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Welcome back, Steve, to the Craft of Writing blog and thank you for joining us!

Thanks for inviting me, Kay. It’s good to be back.

 

Give us a little background. When did you first start writing?

I got a taste of the fun of fiction in high school, when we had a new English teacher, created a ghost student, and turned in assignments that pushed the limits of acceptability. It was great fun hearing her read the stories and entertain the class.

I got truly serious about writing in 2009, when my father was turning 90, had dementia, and had an unedited copy of his memoirs that had not been published. I spent that summer editing and organizing his book, self-published it, and presented a box of his books to him on his birthday. He didn’t understand what was happening, but the joy on his face as he autographed his books was priceless.

That hooked me on writing, and I began taking correspondence courses, reading every craft book I could get my hands on, and attending writer’s conferences.

 

This year we’re concentrating on writing series, and I know a little of the history of your work. Please share why you decided to write the series.

I had two unpublished books (adult thrillers). A small press had accepted the first book, then went bankrupt before it was published. I found an agent, who promptly forgot me. I had been following The Kill Zone, and decided it was time to go indie. I also realized that what I wanted to do was write for my grandchildren. The oldest were just starting school and kindergarten. I thought I would aim for 6-10 books and write middle-grade fantasy, hoping to have the series finished by the time my grandchildren were old enough to enjoy them.

 

Can you give us an overall description of the series?

The Mad River Magic series is “clean teen” fantasy, set in rural western Ohio, where I live. Each story is set in a different fantasy “organ system” (heart, skin, DNA, skeletal, immune system, etc.). Seven to nine cousins fly magic barrel carts (55-gallon oil drums with “turbo-levitators”), practice magic based on the Shawnee language (the Native Americans who lived in this area), and set out on missions to solve problems that are destroying the Mad River Valley.

 

There are six published books in the Mad River Magic series. How do you keep the series fresh, book after book?

Using different organ systems with each book means that the gang will have a new fantasy world to explore with each book. The number of grandchildren has grown as I’ve written, and each book has a different group of cousins going on the adventure to create different personality dynamics. Each book has a new major ally that is crucial in their survival and success. And the books are full of hidden symbolism for older readers who care to look for it.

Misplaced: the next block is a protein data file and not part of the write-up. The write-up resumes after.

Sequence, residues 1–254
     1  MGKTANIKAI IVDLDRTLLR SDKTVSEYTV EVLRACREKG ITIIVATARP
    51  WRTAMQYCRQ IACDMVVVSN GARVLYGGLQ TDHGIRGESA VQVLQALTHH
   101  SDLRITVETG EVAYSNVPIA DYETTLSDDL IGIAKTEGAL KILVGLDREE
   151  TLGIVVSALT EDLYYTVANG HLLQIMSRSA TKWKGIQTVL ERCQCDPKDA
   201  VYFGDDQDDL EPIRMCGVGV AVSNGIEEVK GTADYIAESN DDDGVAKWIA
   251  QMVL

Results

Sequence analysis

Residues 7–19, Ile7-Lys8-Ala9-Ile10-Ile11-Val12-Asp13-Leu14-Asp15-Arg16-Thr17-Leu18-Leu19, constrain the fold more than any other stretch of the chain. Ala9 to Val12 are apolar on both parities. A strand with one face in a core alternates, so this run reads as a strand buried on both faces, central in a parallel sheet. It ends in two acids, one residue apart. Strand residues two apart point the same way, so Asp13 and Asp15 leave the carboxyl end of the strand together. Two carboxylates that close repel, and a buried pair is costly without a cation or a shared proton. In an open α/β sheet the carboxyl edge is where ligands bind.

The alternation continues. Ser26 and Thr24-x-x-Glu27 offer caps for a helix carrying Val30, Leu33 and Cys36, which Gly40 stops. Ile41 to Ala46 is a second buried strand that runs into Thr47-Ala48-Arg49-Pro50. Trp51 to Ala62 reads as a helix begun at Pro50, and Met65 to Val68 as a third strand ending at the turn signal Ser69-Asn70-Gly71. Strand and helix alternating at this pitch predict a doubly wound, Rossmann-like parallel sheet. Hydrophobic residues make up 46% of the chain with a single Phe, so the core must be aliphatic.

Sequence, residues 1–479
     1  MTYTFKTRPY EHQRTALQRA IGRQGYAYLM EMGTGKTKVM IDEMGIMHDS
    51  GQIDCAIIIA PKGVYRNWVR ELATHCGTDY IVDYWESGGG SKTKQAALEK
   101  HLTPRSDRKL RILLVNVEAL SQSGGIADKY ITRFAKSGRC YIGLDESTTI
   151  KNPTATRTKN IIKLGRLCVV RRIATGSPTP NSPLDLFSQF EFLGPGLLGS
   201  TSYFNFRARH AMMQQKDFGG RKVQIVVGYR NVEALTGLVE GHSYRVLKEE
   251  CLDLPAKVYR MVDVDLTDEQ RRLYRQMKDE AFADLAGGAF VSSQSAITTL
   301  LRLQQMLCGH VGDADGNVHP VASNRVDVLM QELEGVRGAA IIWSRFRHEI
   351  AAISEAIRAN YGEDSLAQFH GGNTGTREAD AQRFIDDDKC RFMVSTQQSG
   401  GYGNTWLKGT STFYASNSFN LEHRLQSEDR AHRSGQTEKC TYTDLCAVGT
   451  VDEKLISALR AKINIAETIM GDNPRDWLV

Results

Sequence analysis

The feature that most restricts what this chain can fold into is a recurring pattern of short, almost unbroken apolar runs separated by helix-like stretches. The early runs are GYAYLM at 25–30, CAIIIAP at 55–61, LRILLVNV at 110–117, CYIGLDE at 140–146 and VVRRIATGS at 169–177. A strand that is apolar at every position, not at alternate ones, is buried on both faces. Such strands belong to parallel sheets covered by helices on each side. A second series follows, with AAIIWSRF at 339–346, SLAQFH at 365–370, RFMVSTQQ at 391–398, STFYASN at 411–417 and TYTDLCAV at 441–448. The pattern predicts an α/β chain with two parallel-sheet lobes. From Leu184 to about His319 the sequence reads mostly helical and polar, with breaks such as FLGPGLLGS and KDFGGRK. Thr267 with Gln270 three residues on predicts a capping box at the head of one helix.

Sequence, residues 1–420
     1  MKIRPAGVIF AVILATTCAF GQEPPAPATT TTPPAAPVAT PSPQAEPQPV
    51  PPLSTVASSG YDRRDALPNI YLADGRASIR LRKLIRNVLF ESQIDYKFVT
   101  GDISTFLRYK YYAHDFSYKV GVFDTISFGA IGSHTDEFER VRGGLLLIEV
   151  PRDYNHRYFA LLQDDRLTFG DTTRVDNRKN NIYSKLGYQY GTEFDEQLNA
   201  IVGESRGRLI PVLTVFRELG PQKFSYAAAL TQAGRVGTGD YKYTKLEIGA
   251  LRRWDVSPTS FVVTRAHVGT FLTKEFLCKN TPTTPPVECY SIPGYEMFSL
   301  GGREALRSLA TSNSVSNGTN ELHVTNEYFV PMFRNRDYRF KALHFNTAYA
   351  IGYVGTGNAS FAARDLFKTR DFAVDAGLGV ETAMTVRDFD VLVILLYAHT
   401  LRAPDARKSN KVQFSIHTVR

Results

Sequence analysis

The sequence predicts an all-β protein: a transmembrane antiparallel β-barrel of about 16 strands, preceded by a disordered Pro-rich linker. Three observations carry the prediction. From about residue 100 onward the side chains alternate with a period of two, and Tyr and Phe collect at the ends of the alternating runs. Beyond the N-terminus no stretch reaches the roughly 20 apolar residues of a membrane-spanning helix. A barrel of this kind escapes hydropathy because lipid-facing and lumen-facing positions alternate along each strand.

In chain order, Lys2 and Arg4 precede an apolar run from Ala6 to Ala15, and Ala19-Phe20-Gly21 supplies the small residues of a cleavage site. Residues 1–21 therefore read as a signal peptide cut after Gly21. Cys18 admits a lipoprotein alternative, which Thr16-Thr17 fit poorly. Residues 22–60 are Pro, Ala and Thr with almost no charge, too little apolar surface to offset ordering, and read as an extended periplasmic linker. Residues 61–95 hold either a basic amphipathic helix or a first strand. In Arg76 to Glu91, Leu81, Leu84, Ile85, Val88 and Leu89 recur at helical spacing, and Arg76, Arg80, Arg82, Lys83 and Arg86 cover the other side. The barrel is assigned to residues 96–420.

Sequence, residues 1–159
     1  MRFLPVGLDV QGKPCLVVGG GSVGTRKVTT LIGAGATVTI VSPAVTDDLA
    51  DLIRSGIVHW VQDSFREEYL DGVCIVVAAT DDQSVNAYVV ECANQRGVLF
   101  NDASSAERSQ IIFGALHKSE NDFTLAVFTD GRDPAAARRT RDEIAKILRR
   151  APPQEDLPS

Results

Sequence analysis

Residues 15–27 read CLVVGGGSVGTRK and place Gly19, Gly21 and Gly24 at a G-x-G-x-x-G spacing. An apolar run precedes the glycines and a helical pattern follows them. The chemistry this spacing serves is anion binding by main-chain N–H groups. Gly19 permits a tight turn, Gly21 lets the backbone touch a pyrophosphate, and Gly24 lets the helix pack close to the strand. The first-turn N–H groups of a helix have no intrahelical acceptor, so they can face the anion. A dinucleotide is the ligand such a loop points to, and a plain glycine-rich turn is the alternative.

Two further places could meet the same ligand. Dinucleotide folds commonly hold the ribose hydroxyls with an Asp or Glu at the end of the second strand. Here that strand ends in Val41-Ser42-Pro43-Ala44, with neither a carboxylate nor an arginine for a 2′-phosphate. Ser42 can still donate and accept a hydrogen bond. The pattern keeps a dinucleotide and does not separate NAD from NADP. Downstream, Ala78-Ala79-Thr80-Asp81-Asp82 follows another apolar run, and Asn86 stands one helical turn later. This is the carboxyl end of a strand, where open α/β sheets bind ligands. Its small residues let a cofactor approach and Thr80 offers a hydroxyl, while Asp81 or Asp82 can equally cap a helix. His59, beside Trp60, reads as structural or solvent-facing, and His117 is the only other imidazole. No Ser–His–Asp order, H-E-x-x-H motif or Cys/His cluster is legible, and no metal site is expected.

How do you handle the situation where a reader jumps into the middle of a series without reading the first book or two?

That is a significant problem with so many cousins in the stories. I had asked the experts at The Kill Zone for their opinion of a “series update” – a chapter or a section of the appendix with a summary and background. The overall consensus was, “Don’t do it.” But with my last book, Perfect Strand, I lost a beta reader because of her frustration. I decided to depend on my own judgement, and added a section in the appendix with a description of each cousin, the family tree, and a tease about each of the previous books. I placed a very brief Preface as chapter one, letting readers know that a series update was available in the appendix, then got out of their way. I still introduce each cousin, when they appear in the story with a brief summary and background.

 

The latest book in the series is Perfect Strand. Give us an idea of what this book is about.

The theme is the Covid “religion.” An ancient wizard, Vid, at the end of the dark ages, learns that he can pass traits from one generation of dragon flies to the next with his primitive genetic experiments. He determines to pass his genetic code into the future and become immortal by freezing dragonfly larvae and storing them from 1313 to 2020 high in the Transylvania mountains, ready to be unleashed on the world by his descendant, Vid VII.

The Mad River Magic cousins become involved when mammoth Nautilus shells begin popping up in the Mad River Valley, each shell filled with prisoners who have been captured to further spread Vid’s genetic code. When Scout, member of the Mad River Magic group, is captured, the gang goes into action.

 

How far do you intend to take the series?

My next book, based on the underground world of Central American fentanyl trafficking, may be my last book of the series. I am eager to start an adult thriller series that has captured my imagination.

 

What advice would you give an author who’s considering writing a series?

First, make certain that is something you are really passionate about and will hold your interest for years. Look for an arc for the whole series that will hold it together, but still give you freedom to keep introducing new elements. Don’t make the mistake I did of having too many characters to confuse the reader. Consider a “series update” in the appendix, announced with a very brief note at the beginning. And use the brief description of each book as a tease to interest readers in going back and reading earlier books. Consider who your beta readers will be. I have found that it is very difficult to get teenagers to find the time to beta read, when they are involved in sports and other after-school activities. Also, consider giving away a novella or short story, that introduces and gives some of the history of the main character. This can be delivered free by BookFunnel.